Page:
The woman's code of honour, or lack of it, was primarily connected to the private domain, her family. The wife's honour depended on four main factors. First, a woman had to be married, since her honour was in danger if she had no male protector to defend it. Camp (1985:79) states that in biblical society an unmarried status was an exception. It is probably because of this that we read in Judges 11:37 about the daughter of Jephthah, who went to the mountains to bewail her virginity', to grieve because she was going to die unmarried and childless (Legrand 1977:179).

Second, the woman's honour depended on her role as a wife within her household (Ochshorn 1981:193). This role was one of nurturing and maintaining the family. The wife was responsible for the welfare of the household, performing various domestic duties, spinning, cooking, sewing and generally providing for her husband and family (Gn 24:11, 13--16, 19--20; 27:9; 29:6; Ex 2:16; 2 Sm 13:8; 2 Ki 4:8--10). Such activities gave women advantages which allowed them to exercise an informal influence and control over the private domain. She was thus the centre of the private domain. Third, her honour was associated with her ability to reproduce. Like the modern Mediterranean culture, biblical society placed great emphasis on the woman's function as a mother. Probably because children have, and always will play an important role in any society, motherhood was encouraged (Gn 30:23). Last, her honour was connected with sexual chastity (Gn 3:7; 2 Sm 13:2). The woman who possessed sexual shame exercised modesty and self-restraint. It was this sexual shame that her father or husband had to protect. Such sexual shame applied to married and unmarried women. In the case of an unmarried woman, the importance of sexual chastity in her code of honour and that of her family can be seen in the story of the rape of Dinah. In Genesis 34:2 we are told that Shechem, the son of Hamor, saw Dinah, `took her and lay with her and defiled her'. In the depiction of the rape, Dinah is described in terms of her family, `the daughter of ... the sister of ... his daughter' (34:3, 5, 7, 13, 19, 27, 31). This shows that Dinah is an unmarried girl who enjoyed the protection of her honour by her brothers and father. Such a description of Dinah `prepares the reader for the punishment of the crime' (Caspi 1985:30). Malina (1981:106) states that such violation shows that woman's shame is embedded in the honour of males. The story of the rape of Dinah acts as evidence that rape, and consequently the loss of female chastity, is a violation of her honour which requires some kind of revenge. The story of the rape of Dinah thus transmits the cultural values of the society from which the text was produced. Phrases such as `wrought folly' (34:7) and `vile' (34:12, 24, 26) indicate that rape was culturally unacceptable, because the honour of the whole society was involved. This can clearly be seen in the `contemptuous attitude towards the perpetrator of the rape and condones the act itself. Finally, vengeance is exacted against the perpetrator' (Caspi 1985:25).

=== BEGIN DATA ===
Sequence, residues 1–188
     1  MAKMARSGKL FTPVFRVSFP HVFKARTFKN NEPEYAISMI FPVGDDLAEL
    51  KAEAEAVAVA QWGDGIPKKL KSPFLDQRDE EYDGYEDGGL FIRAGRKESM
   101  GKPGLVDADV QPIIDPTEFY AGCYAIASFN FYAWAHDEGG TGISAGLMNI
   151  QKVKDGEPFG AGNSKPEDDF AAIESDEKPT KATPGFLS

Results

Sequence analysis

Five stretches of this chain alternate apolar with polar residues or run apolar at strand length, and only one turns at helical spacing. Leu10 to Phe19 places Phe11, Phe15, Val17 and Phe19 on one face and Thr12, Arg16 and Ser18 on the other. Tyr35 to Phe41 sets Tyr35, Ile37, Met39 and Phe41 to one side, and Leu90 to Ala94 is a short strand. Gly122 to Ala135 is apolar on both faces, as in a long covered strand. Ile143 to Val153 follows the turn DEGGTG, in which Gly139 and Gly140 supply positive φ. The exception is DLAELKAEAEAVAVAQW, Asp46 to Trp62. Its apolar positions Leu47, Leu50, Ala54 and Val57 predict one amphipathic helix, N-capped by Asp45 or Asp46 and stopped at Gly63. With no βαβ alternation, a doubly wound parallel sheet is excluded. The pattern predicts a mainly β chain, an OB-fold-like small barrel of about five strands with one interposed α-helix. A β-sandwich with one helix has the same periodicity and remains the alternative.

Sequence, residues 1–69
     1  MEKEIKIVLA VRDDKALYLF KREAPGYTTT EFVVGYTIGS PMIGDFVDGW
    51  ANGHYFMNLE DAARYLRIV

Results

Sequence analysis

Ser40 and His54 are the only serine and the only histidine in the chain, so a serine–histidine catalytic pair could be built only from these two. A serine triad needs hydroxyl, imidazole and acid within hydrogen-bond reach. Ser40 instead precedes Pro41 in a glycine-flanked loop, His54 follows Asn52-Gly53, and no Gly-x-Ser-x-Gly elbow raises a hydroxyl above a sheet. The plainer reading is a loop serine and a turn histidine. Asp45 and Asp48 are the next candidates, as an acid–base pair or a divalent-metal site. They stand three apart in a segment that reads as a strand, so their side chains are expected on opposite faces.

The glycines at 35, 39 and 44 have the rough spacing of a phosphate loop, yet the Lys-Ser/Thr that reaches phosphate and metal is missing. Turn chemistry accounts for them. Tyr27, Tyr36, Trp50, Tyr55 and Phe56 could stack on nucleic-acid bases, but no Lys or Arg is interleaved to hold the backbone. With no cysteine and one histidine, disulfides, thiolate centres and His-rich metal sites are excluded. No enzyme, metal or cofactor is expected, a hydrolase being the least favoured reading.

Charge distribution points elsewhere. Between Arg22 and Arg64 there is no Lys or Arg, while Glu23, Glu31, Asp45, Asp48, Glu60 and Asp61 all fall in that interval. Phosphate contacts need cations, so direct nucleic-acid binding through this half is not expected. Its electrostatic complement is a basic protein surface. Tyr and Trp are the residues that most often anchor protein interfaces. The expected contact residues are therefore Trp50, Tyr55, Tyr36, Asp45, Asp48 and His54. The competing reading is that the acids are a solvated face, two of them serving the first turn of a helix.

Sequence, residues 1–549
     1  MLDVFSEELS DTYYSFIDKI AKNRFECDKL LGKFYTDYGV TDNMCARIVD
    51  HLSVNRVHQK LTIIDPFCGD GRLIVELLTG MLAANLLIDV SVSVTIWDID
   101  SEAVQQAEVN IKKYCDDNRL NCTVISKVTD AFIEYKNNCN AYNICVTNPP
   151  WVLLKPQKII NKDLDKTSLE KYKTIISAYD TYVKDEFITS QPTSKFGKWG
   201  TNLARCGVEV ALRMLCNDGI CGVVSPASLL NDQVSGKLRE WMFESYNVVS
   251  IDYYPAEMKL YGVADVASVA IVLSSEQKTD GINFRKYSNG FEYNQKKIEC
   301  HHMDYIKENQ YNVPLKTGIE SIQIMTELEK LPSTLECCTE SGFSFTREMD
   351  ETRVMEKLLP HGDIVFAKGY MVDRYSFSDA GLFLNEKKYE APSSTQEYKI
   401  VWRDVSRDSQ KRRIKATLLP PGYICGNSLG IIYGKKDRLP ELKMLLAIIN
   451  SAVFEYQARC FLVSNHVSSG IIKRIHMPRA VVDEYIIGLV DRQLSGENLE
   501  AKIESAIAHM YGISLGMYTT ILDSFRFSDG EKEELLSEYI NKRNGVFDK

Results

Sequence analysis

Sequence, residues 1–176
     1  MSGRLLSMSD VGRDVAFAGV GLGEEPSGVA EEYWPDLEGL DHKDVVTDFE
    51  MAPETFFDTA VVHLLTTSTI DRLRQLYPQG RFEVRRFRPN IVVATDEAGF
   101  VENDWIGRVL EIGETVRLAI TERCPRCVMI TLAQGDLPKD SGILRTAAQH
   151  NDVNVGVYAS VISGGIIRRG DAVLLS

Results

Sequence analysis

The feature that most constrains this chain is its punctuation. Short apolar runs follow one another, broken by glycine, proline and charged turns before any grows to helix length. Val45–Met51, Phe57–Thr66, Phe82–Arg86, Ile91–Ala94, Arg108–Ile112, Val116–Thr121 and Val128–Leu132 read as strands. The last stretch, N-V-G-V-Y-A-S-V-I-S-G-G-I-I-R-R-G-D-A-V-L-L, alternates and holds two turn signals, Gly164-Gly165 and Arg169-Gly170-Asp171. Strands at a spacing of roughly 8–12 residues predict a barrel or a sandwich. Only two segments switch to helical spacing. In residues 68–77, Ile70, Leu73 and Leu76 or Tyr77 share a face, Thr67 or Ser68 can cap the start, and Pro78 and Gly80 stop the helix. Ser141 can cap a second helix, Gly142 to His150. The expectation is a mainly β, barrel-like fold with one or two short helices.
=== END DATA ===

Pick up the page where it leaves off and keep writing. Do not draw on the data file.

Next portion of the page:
Similarly, the story of Amnon and Tamar shows that damaging the sexual purity of a girl means that she is left unclean `Where could I carry may shame?' cries Tamar in 2 Samuel 12:13. It also means that another man would not want to marry her, `so Tamar remained a desolute woman' (2 Sm 12:20). Deuteronomy 24:1--4 also demonstrates that a woman becomes unclean as a result of improper sexual conduct (Zakarovitch 1981:31).

Sexual chastity was also important for married women. Since her primary position was within the family, a woman moved from one family to another with her marriage. `Not only in patriarchal times but throughout the Old Testament history, the father exercised primary responsibility for the female members of the family ... until that responsibility was transferred to the husband' (Pictorial encyclopedia of the Bible, vol 5, 1975:951). Bird (1983:260) states that when married, a woman's sexuality became the domain of her husband (Gn 2:24; Dt 24:5); her sexual nature merged with him (Piper 1960:122; cf Frymer-Kensky 1989:91--92). Indeed, women are often referred to by the name of their husbands, as `wife of', for example Lot's wife, the wife of Noah (Ben-Meir 1993:29; Camp 1985:79). Bird (1983:271) argues that the best example of a wife who conforms to these criteria can be seen in the depiction of Abigail, wife of Nabal and later of David. 1 Samuel 25:2--42 portrays her as `intelligent, beautiful, discreet, and loyal to her husband ... prudent, quick-witted, and resourceful ... always acting on her husband's behalf. The good wife does not attempt to rule her husband, nor does she openly oppose him. She defers to him in speech and action, obeys his wish at his command, and puts his welfare first.'